3 Day Series of
Bird Cages - Birds and Bicycles
This Weeks Top Stories About Bicycles
The Earliest Bicycle - 1790
The first contraption that can realistically be said resembles a bicycle was constructed around 1790 by Comte Mede de Sivrac of France. Called a celerifere, it was a wooden scooter-like device with no pedals or steering. A similar model, improved with a steering mechanism attached to the front wheel, was created in 1816 by German Baron Karl von Drais de Sauerbrun. He called it a Draisienne, after himself, though popular parlance also dubbed it the hobby horse.
When using either of these devices, the rider perched on a seat between two wheels similarly sized wheels, and using the feet, propelled the bicycle a bit like a the "balance bikes" kids ride today, Drais exhibited his bicycle in Paris in 1818, and while popularly received, its design limited its use to really just flat, well-groomed paths through gardens and parks, which were off-limits to a good portion of the population in those days.
When Pedals Where Added
Some historians credit the invention of the pedal bicycle to Kirkpatrick MacMillan, a Scottish blacksmith who lived from 1812-1878. One day back in 1839, MacMillan was out watching people riding bikes, which at that time were driven by kicking the ground with your feet. Thrilling, eh? Seemed to him that there must be a better way. . .
According to later research done by family members, after musing on the matter a bit MacMillan came up with an idea for the first pedal set-up that could more effectively drive the bike. Using his blacksmith tools, he put his idea into place, and voila! bicycling suddenly took a giant leap forward.
Macmillan's contraption had a wood frame and iron-rimmed wooden wheels. The front wheel, which provided limited steering measured 30 inches (760 mm) in diameter, while the back had a 40 inch (1016 mm) wheel and was attached to pedals via connecting rods. In total, Macmillan's bike weighed 57 lb (26 kg). His creation gathered a lot of attention, and Macmillan helped generate additional publicity when he rode the bike 68 miles to visit his brothers in Glasgow. Copies of his invention produced by other firms soon appeared on the market, and Macmillan saw little profit from his innovation.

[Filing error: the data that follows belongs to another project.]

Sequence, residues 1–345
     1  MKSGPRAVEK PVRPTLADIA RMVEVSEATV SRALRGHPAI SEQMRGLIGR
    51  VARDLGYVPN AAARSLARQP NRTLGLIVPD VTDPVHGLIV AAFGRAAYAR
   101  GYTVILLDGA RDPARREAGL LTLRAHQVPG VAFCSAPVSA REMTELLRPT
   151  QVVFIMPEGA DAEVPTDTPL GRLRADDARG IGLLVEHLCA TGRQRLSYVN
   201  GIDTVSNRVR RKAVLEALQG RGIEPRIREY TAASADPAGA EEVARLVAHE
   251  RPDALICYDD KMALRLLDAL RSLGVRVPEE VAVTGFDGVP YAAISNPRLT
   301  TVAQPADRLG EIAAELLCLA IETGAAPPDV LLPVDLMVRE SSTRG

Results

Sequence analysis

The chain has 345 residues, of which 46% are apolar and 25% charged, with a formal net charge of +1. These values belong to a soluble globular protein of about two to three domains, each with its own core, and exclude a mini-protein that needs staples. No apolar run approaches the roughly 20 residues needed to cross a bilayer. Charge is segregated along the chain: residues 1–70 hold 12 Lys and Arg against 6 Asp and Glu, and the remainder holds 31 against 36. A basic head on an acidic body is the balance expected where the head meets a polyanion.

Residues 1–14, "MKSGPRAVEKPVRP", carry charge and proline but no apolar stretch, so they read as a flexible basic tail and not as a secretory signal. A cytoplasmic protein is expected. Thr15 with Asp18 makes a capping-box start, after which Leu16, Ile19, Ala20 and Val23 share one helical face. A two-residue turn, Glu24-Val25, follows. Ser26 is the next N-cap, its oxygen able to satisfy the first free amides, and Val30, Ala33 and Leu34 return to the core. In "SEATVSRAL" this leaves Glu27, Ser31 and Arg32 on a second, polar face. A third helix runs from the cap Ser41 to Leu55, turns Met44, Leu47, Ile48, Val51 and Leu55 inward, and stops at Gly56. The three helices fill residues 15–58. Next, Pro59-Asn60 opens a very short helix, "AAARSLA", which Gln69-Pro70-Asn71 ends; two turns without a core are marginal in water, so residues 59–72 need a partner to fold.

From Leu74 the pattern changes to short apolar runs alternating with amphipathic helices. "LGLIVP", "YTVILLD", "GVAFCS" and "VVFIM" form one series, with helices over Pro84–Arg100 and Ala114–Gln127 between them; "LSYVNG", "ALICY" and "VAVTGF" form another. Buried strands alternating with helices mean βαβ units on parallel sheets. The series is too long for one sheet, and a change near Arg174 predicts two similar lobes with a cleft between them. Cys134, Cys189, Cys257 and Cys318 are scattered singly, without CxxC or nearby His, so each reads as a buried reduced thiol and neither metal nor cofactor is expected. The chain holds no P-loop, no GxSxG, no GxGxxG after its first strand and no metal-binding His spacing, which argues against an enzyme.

The Boneshaker - Invented by Michaux and Lallement
Many historians credit Pierre and Ernest Michaux as being the true inventors of the modern bicycle. This father and son duo operated a company that made carriages in Paris when they first assembled a two-wheeled vélocipède around 1867. This bike was was propelled like a tricycle, with its cranks and pedals connected to the front wheel.
The design soon came to the U.S. when a Michaux employee named Pierre Lallement who also claimed credit for the idea, saying he developed the prototype in 1863, set out for America. He filed for the first bicycle patent with the U.S. patent office in 1866.
The vélocipède ("fast foot") was also known as the "boneshaker" thanks to its rough ride, caused by its stiff iron frame and wooden wheels wrapped in an iron rim.
The High Wheeler Bike - Penny Farthing
By 1870, metalworking had improved to the point that bicycle frames began to be constructed entirely of metal, an improvement in both performance and material strength over the earlier wood frames, and bike design began to change accordingly. The pedals were still attached directly to the front wheel but solid rubber tires and long spokes on a much large front wheel provided a greatly improved ride. Also, the bigger the wheels, the faster you could go, and the Penny
Farthing as they were called enjoyed a great popularity in the Europe and the United States in the 1870s and 1880s.
The main hazard to this design was its (un)safety factor, as the riders (usually young men) sat so high up that they were very vulnerable to road hazards. The braking mechanism was almost more symbolic than functional, and there was really no way to slow the bike. And, if something were to stop the front wheel suddenly, such as a rut or object stuck in the spokes, the rider was immediately bucked forward as he rotated up over the front wheel to land squarely on his head. Hence the origin of the term “breakneck speed,” since a crash often produced truly devastating results.
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